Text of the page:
Contrast these identical twins to fraternal twins. Fraternal twins come about when two egg cells are fertilized by two different sperm cells and develop in the same womb. In this case, the zygotes only share the same amount of genetic material that any pair of brothers or sisters might. They might not look the same, and might not even be the same sex. Since the process began with two zygotes, these are technically called "dizygotic twins" and typically abbreviated as "DZ twins."
Regardless of whether we are dealing with identical or fraternal twins, both kinds have very similar personal histories since they grow up in the same family and share the same environment, culture, and parenting influences. So, if we compare the similarities in the behaviors of the two types of twins, and we find greater similarities between the identical twins (with their matching genetic makeup) than between the fraternal twins (who only share about half of their genes), this would confirm that we are looking at something which has a genetic component.
These Swedish researchers looked at 35,035 pairs of twins, determined whether they were identical (MZ) or fraternal (DZ), and then determined whether each twin had gone on to become a dog owner. If there is a genetic factor then the "concordance rate" should be higher for the monozygotic twins. Concordance would be shown when both twins owned dogs, or both twins did not own dogs, while a lack of concordance would be shown by the fact that one twin owned a dog and the other did not. The researchers concluded that "MZ twins had higher concordance rates and tetrachoric correlations (0.58 for females and 0.52 for males) than DZ twins (0.35 for females and 0.30 for males), in line with presence of genetic effects."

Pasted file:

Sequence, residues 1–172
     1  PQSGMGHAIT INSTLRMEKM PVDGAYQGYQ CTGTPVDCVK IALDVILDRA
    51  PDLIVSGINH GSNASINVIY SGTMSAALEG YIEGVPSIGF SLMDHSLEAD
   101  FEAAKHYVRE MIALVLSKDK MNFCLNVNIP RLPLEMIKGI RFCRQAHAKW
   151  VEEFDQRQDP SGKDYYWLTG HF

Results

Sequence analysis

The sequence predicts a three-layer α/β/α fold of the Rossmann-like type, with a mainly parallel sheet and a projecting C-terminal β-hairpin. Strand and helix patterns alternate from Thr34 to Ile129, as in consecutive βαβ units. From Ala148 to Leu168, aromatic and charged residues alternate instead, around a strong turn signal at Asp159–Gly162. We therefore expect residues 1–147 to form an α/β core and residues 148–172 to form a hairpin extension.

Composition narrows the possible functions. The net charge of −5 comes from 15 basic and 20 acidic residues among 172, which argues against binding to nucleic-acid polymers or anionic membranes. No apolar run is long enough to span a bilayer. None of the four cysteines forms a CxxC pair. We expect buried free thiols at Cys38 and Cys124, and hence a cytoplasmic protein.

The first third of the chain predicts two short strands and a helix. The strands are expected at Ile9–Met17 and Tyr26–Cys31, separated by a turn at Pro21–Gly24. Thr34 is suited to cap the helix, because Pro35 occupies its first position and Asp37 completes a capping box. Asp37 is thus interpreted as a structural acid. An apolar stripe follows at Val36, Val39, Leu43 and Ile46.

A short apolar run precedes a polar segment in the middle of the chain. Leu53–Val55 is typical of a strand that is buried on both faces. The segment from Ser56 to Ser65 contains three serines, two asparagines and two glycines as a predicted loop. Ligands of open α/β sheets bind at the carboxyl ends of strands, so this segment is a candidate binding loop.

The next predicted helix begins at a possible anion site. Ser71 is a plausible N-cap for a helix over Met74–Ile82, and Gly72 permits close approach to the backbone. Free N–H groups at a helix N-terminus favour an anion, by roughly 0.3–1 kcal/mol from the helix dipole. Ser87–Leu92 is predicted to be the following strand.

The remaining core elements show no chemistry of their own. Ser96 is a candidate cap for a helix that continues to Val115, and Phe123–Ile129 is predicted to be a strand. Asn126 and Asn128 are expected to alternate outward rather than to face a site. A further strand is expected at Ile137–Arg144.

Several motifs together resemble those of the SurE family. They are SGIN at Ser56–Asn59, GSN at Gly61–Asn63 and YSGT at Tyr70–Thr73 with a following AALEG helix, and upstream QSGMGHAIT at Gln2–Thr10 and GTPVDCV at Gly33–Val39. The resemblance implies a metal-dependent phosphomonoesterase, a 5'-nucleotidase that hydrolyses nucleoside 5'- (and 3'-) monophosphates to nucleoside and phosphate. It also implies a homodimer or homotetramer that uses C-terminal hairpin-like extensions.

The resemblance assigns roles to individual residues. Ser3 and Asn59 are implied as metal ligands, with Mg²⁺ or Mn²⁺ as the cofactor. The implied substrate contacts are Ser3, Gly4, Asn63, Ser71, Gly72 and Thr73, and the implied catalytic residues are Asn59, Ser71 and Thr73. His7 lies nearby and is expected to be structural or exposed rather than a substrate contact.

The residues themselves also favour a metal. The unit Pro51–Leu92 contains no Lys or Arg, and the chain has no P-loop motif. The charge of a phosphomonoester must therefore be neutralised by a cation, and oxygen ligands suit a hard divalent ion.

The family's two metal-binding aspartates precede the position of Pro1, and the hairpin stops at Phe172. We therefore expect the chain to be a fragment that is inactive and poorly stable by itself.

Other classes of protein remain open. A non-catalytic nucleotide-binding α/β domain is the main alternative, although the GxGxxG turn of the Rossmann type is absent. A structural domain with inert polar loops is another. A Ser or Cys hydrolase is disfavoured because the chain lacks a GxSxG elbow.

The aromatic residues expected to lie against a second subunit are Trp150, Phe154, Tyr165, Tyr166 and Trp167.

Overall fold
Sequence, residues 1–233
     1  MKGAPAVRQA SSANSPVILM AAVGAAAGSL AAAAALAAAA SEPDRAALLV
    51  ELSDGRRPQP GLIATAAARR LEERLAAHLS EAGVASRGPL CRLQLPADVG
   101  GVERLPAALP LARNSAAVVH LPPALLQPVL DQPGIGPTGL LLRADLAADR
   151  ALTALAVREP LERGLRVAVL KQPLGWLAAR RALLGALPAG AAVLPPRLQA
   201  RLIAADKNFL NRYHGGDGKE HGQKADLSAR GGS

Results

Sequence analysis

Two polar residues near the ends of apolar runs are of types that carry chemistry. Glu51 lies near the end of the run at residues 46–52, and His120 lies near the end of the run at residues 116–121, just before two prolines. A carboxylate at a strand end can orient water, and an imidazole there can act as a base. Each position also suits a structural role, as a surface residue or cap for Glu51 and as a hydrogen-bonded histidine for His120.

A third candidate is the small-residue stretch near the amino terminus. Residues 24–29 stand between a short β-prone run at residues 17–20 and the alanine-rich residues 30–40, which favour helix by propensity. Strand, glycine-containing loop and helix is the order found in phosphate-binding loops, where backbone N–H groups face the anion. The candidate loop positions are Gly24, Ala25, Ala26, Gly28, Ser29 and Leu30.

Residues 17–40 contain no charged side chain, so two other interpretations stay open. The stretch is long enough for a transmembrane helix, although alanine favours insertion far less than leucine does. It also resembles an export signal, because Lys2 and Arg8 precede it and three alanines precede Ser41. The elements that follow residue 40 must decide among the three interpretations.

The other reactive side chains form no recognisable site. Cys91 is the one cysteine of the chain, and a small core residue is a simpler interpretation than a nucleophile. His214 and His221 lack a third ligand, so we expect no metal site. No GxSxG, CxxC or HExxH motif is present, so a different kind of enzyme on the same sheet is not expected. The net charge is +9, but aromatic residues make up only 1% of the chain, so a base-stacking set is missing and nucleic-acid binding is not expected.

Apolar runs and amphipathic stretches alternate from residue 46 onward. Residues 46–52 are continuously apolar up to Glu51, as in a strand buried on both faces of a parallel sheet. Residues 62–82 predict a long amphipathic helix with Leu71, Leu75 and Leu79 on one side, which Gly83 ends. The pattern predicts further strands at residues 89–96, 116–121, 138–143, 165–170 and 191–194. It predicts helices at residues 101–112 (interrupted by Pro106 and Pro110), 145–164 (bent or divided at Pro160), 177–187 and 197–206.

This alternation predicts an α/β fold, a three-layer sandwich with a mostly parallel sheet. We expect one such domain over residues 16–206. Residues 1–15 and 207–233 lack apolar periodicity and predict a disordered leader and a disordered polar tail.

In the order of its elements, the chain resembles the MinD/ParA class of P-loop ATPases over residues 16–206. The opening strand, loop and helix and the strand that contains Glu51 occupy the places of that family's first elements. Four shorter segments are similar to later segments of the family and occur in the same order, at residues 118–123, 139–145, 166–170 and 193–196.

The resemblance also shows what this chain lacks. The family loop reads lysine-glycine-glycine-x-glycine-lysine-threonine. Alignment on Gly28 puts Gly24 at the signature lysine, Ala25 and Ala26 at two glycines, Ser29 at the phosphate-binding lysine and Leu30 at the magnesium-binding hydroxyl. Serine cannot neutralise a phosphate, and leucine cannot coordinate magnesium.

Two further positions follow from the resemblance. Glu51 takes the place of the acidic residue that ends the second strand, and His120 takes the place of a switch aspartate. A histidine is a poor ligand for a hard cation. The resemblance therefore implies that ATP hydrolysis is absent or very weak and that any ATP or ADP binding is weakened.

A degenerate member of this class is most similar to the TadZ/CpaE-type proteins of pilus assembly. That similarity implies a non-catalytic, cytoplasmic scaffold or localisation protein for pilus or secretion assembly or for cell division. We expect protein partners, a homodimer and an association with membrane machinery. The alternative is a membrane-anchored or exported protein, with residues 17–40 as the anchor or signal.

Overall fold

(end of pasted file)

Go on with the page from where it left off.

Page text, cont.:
Although these results seem to confirm that there is a genetic factor associated with dog ownership, it doesn't tell us how much influence genetics has. For this, the researchers had to do a lot of statistical analysis involving structural equations, and they came up with the estimate that the size of the inherited component influencing whether we are impelled to own a dog or not is 57 percent for females and 51 percent for males. In other words, approximately half of the psychological pressure that we feel to own or not to own a dog is influenced by our DNA, with the other half influenced by environmental factors such as our personal histories or culture.
It may appear a bit strange and perhaps unbelievable to suggest that our attitudes toward specific animal species could have a genetic component. However, there are other examples. Among humans there is an almost universally negative and fearful response to spiders and snakes, and this is clearly genetically determined.
While this kind of twin study can't tell us exactly which genes are involved, it does demonstrate for the first time that genetics and environment play about equal roles in determining dog ownership. As lead author Tove Fall commented, "We were surprised to see that a person's genetic makeup appears to be a significant influence in whether they own a dog." She suggested that some genetically determined personality factors might underlie this as she speculated, "Perhaps some people have a higher innate propensity to care for a pet than others."
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Tove Fall, Ralf Kuja-Halkola, Keith Dobney, Carri Westgarth, Patrik K. E. Magnusson. (2019). Evidence of large genetic influences on dog ownership in the Swedish Twin Registry has implications for understanding domestication and health associations. Scientific Reports, 9 (1) DOI: 10.1038/s41598-019-44083-9